Controlling Camera Manually

  • Sophisticated modern technology has brought us cameras that are capable of making technical decisions about photography completely unaided. Gently press the shutter release of an autofocus SLR, and the landscape snaps into sharp focus in the viewfinder. Press harder and the camera assesses light levels, focal length and perhaps even subject contrast before setting the aperture and shutter speed and taking the picture. The result is technically perfect: correctly exposed and needle-sharp.

  • But let's take a closer look at what we mean by "technically perfect". Cameras are designed to cope best with average scenes: those that are an approximately equal mix of dark and light areas, with the most important subject in the middle of the frame. If you point the camera at a scene that's widely different from this rather arbitrary "average", you may not be so happy with the result.

  • For example, even simple cameras can cope adequately with a riverside landscape that features trees, pale rocks and water in roughly equal proportions. The brightness of the rocks compensates for the dark trees and, taken overall, the scene conforms to our hypothetical "average". A ploughed field fringed with yew trees presents a different problem, though. The whole of the subject is dark, and reflects perhaps only a third as much light as the average scene. Even the most advanced camera has no way of knowing this, and will blindly set what it thinks is the "correct" exposure. In practice this is the exposure which will produce an average print or transparency. Unless you intervene and actively control the camera, all parts of the picture will turn out to be too light. In this example, you will wish to set the camera manually in order to take a picture that more closely resembles the original landscape. But often you'll want instead to use photographic controls to create an image that expresses how you felt about the landscape. There's no way to literally capture searing heat in a picture, but by slightly overexposing a desert scene, you can at least suggest the blinding glare and soaring mercury of an equatorial noon.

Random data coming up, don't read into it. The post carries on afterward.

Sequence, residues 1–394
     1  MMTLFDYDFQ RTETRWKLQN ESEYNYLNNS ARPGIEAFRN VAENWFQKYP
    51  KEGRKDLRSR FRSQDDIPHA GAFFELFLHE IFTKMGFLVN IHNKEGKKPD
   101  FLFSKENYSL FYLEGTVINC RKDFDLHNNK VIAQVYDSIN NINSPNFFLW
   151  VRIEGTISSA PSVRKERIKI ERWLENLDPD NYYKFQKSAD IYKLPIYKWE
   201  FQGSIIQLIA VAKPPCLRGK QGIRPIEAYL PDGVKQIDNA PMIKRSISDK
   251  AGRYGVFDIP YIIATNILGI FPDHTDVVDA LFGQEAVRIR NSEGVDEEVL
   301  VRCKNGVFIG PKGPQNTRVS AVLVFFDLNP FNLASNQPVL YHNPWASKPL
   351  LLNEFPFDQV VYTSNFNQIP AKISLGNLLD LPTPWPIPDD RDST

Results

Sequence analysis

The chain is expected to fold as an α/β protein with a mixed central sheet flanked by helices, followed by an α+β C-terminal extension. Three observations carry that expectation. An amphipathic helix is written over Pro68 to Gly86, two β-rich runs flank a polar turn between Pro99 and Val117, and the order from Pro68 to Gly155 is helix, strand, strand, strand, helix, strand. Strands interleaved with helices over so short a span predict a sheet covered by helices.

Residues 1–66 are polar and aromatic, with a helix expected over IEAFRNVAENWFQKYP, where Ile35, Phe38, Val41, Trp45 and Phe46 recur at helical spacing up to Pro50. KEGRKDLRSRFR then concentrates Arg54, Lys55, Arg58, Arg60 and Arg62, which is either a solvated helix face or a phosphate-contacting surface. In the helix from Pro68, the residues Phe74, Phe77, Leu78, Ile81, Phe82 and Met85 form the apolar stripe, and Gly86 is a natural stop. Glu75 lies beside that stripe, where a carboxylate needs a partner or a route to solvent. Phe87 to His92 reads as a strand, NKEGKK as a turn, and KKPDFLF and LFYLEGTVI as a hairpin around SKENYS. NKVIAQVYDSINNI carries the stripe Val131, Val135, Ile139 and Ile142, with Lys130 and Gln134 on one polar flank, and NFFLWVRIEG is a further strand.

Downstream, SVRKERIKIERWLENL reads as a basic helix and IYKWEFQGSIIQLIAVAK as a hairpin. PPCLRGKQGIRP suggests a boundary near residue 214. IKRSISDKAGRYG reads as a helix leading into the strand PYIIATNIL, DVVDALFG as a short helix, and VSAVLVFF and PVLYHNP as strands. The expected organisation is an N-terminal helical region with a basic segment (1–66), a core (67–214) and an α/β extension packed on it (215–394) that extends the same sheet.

• To really get a feel for how each of these controls affects the image, you need to go out and take pictures. To avoid confusing the effects of several different factors, you may find it helpful to take several pictures of the same scene, changing just one control at a time. After all, it just takes some clicks.

More things about cameras settings


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